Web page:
IT is the match up that very few expected to materialise, but it is the match up everyone hoped for.
With the Dubs dominating the past decade, including six All-Ireland wins in a row, it is refreshing to have an All-Ireland final pairing that did not include either Dublin or Kerry. One has to go back almost ten years to the 2012 final for the last time those two GAA superpowers were missing from the end of season showpiece.
With both Tyrone and Mayo aiming for their fourth All-Ireland title each, it was Mayo that competed in the last final that did not involve Kerry or Dublin. In that game, they also played against Ulster opposition in the form of Jim McGuiness’ Donegal. Mayo’s current goalkeeper Rob Hennelly was on the team that day and left the panel the following season. Now nine years on he will be wearing the number one shirt in another Mayo bid to end their now 70 year wait for All Ireland glory.
Tyrone, on the other hand, are bidding for their first title since 2008. Niall Morgan was not part of the Tyrone team at that stage but he was the starting goalkeeper whenever they faced Dublin in the 2018 decider. He has been instrumental in helping Tyrone reach the final stage again and with his marauding, cavalier, ‘fly-goalie’ style he is at the forefront of the latest goalkeeping evolution.
No two goalkeepers will have the exact same style of play, but they will indeed share similar traits that are visibly recognizable. If we look at both goalkeepers playing in this weekend’s showcase, we can see exactly how all goalkeepers have similar traits but execute them in different ways to create their own unique goalkeeper style.
Both Morgan and Hennelly have excellent restart ability with the length, accuracy, and variation of their kicking being in the top bracket of goalkeepers around the country. They are both are big presences within their respective teams and as such have telling influences on how well each of their counties perform in the big games. They also have strong character and resilience with both men overcoming tough media scrutiny during their careers.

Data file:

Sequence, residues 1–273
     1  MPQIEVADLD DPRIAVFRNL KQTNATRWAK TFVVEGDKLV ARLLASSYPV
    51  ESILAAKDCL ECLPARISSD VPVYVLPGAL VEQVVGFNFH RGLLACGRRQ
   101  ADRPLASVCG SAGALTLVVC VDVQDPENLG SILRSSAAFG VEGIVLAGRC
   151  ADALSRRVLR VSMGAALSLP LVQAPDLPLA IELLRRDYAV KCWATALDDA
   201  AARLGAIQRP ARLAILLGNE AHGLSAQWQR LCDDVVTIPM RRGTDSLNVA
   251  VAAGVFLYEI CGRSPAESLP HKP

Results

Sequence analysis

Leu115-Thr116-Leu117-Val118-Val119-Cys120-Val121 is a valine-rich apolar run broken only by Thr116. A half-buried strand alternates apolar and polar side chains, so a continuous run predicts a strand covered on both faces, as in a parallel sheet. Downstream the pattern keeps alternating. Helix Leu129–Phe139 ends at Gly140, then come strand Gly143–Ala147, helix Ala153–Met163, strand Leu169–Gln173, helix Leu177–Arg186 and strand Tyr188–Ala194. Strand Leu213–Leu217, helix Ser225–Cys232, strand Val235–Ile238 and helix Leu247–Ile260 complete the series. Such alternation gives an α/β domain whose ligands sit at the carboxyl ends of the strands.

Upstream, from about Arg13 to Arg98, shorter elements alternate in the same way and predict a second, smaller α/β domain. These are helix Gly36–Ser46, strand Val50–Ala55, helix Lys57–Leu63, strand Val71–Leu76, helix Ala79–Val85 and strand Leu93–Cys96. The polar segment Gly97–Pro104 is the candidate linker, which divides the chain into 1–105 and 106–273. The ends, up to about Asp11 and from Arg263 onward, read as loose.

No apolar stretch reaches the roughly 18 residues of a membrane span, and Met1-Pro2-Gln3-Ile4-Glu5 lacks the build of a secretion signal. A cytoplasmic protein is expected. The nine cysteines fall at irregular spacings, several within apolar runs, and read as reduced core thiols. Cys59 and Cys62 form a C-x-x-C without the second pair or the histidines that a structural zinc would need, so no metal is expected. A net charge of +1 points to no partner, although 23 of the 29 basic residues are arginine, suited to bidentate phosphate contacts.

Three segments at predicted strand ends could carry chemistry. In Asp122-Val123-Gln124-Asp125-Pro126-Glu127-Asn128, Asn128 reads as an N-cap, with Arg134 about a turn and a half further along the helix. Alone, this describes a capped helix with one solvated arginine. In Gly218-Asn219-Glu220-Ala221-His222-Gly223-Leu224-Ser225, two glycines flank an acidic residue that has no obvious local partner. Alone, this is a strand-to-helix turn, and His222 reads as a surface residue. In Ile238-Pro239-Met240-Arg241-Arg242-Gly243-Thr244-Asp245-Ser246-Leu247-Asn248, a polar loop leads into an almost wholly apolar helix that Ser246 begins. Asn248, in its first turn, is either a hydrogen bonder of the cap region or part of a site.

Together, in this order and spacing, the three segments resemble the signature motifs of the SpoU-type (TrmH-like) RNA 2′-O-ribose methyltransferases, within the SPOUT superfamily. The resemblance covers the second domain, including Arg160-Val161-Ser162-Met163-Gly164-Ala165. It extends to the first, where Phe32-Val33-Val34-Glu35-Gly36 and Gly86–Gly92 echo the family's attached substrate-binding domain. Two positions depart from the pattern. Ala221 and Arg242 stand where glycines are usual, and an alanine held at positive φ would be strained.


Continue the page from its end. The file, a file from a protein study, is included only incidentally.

They have both shown themselves to be very competent in the various goalkeeping areas like dealing with high ball, one v one situations, communicationmarshalling their defence, closing down attackers, restarts as well as being in possession of the ball. Both goalkeepers also take their team’s long-range free kicks and 45s with this being evident in both players semi-final matchups. Hennelly scored a retaken 45 metre free while Morgan scored an outrageous 70 metre free against Kerry.
The major difference between the two ‘keepers is how they approach each game situation. On one hand we have Morgan who plays with more of a carefree swagger and a confidence that allows him to operate on the front foot going into various situations. He is confident that his ability will see him come out on the right side.
Hennelly on the other hand is more measured in his approach and enters the same situations with a more methodical and pragmatic mindset. He takes calculated risks in comparison to Morgan, and he understands when he should or should not enter certain situations.
Both are excellent goalkeeping traits and ones that any coach would be more than happy to find in any goalkeeper they are coaching. Some may argue that one is better to have than the other and vice versa, but in truth, you have to work with the innate traits that your goalkeeper has developed and ensure that they develop them further by marrying them with their ability as a goalkeeper.
This weekend both goalkeepers will have telling roles to play, and it is the first final in a very long time, in my opinion anyway, that no clear favourite can be called. It may very well be that one of these two men may have the deciding kick to win the title.
But for that to happen everything that they do in the lead up that moment will also have to be at their very best performance levels. For one of these two men destiny awaits, for one of these two men there will be heartbreak. Only time will tell.